Teaching English

I was travelling in Ghana.  The minibus, or trotro as it is locally known, pulled into the dusty yard of a station and I sprang out the vehicle to retrieve my luggage and find the next bus. A man spotted me and came up to talk. Something in his words sounded familiar, but the accent and the approximation of the language couldn’t convince me that he was really addressing me in Italian.  After all, I conspicuously stood out as a white tourist, but nothing could give me away as an Italian. Still, the man had indeed talked in my language. He explained he had been a resident of Modena with his wife and kids, but lately had decided to spend a stint in his home country because work was not much. And he also wanted his children to learn English.

I felt hurt in my pride that he should consider the teaching of English so poor in my country, but I couldn’t blame him. He was perfectly right. In Italy, like in other southern European countries, foreign languages (now especially English) are taught with a curious attitude: it is as if they were never to be used outside the school walls. Grammar and literature are the main axes on which the syllabus centres and speaking abilities are an optional extra.

In my experience I had teachers who mastered the grammar, were able to explain it and correct exercises, but they were hardly ever heard talk in English, especially in the first stages when it would have been particularly important to make the students realise that a language does not consist of lists of words and sets of rules, but rather the ability to put them together and convey a meaning. I had to wait until I went abroad for the first time on my own (which luckily happened early enough) to realise what a foreign language meant and what sort of horizons it opened.

Teachers don’t fulfil their task if they don’t make the effort to hold a class in English. They may stand in front of a bunch of youngsters who don’t give a damn about the subject, but if they don’t demonstrate the practical use as an alternative means of communication to their first tongue, they only strengthen the uneasiness that is related to handling a foreign language.

An excessive focus on grammar makes the learning process boring and ineffective, although it presents undeniable advantages to the teacher who can sit back, use ready made materials and correct papers without much effort. Besides, especially if a class is numerous, other teaching methods are far more tiring. The teacher, sometimes with the excuse that a mother tongue lecturer will complement his work with a conversation class, will often avoid using the foreign language which seems unnatural and isolates him from the hearers who may not understand easily. But it is the teacher who has to pull down the wall of laziness and bad habit.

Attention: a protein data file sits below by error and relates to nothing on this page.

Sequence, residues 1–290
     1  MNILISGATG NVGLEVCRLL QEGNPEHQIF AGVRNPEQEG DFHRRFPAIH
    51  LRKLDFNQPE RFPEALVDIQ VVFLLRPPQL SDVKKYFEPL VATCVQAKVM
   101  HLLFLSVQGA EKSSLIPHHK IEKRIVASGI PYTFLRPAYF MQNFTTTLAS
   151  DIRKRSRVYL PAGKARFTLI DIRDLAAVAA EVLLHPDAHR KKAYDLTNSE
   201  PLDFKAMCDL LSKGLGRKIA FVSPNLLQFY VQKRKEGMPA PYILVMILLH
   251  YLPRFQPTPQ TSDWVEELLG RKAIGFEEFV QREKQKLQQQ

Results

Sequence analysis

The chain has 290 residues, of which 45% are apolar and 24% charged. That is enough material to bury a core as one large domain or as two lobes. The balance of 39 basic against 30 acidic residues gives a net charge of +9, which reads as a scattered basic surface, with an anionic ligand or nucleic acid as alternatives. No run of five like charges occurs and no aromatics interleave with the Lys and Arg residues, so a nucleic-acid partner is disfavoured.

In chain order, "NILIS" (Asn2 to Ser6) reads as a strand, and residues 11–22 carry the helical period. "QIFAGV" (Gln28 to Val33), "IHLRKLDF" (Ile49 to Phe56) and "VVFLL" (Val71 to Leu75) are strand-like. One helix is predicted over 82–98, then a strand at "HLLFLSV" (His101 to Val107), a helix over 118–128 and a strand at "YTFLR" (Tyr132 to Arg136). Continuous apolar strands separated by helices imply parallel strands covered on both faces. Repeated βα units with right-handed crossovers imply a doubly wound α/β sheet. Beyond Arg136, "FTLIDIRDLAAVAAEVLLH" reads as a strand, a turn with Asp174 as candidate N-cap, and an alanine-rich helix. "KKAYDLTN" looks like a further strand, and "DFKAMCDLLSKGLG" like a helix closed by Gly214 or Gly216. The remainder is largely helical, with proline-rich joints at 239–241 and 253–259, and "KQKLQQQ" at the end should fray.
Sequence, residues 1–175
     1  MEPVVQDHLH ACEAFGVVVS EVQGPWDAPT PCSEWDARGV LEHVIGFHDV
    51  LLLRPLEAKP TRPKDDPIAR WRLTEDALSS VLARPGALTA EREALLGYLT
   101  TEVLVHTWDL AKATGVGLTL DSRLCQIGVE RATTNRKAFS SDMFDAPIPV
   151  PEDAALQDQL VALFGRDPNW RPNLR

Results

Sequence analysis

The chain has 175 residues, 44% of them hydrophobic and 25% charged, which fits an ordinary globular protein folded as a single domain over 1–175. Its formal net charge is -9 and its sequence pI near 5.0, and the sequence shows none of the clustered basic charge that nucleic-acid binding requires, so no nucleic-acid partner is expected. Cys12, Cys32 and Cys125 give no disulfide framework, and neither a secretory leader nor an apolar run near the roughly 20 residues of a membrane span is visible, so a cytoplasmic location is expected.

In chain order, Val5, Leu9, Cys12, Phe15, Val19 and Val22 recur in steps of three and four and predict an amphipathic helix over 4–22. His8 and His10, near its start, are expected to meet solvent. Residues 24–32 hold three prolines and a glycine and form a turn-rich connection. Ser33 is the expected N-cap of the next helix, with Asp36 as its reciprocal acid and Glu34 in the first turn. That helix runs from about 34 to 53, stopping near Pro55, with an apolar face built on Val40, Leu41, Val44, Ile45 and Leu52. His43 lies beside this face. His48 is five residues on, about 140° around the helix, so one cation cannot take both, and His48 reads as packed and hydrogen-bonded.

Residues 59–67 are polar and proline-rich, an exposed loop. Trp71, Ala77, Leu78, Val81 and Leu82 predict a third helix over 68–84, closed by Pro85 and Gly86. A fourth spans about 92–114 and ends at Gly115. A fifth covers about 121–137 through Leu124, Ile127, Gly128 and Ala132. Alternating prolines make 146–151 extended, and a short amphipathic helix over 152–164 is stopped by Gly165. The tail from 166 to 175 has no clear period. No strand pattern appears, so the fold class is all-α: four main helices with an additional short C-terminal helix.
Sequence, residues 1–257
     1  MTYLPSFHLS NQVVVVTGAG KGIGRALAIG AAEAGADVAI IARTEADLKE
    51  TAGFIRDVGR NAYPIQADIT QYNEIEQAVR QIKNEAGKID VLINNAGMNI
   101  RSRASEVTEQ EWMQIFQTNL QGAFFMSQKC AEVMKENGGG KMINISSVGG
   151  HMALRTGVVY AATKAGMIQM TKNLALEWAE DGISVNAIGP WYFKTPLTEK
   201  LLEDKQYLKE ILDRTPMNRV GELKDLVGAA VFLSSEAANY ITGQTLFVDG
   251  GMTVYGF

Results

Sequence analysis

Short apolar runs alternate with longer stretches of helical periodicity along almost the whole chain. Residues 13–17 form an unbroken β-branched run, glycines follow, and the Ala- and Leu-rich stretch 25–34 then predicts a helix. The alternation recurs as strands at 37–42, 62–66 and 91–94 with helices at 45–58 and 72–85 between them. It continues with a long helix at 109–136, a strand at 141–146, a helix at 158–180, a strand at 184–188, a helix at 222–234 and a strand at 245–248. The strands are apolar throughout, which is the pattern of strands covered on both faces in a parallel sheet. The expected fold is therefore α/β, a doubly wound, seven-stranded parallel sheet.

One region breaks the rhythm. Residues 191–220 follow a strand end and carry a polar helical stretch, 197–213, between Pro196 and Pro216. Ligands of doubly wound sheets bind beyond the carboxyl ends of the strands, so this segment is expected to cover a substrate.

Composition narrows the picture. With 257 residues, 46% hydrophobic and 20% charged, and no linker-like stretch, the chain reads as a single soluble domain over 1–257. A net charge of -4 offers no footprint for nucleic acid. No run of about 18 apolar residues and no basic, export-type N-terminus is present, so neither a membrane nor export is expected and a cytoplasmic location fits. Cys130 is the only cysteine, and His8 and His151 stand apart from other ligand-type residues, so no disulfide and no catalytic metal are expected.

Children now start English at an early age, but this policy is only make-believe. If we are really convinced that knowing the names of the colours or the days of the week is a decent start, then we are deluding ourselves. The upshot of the first years of learning a foreign language may just be the initiation into a sterile approach that will perpetuate itself for life. Qualified teachers are needed from the very beginning, not just people who can list words and make the pupils sing in approximate English.

Students are often guilty of wilfully detaining themselves over the vagaries of the language in order to waste the teacher’s time. I have heard schoolmates quibble endlessly on points of grammar, indulging to the Byzantine taste for formal aspects typical of southern European culture, but also doubtless believing that the ultimate goal of studying the language lay in the theoretical mastery of rules, rather than in applying them with a sound pragmatic attitude. When your aim is speaking you have to take plenty of things for granted and let your mind be open and receptive as a child’s.

Many teachers suffer from a complex of inferiority for not being native speakers, but let’s go back to Africa and see what happens there. It is true that the teachers have an accent that is passed on to the students, but their goal is certainly met. They are fluent in English and succeed in transmitting their command of the language to their students, who acquire useful practical knowledge.

Granted, the linguistic situation there makes the colonial language essential in its role of language of national unity, and the children are schooled in English in the rest of the subjects so that its use is not confined to the language class. Still, I remember how the voice of my French teacher sounded in my ears when I went to bed on the days I had evening class. However limited in time, hearing her talk in French was a very beneficial experience.

Accent and 100% correction must not be an easy excuse: after all, my worst English teacher was without doubt… US American!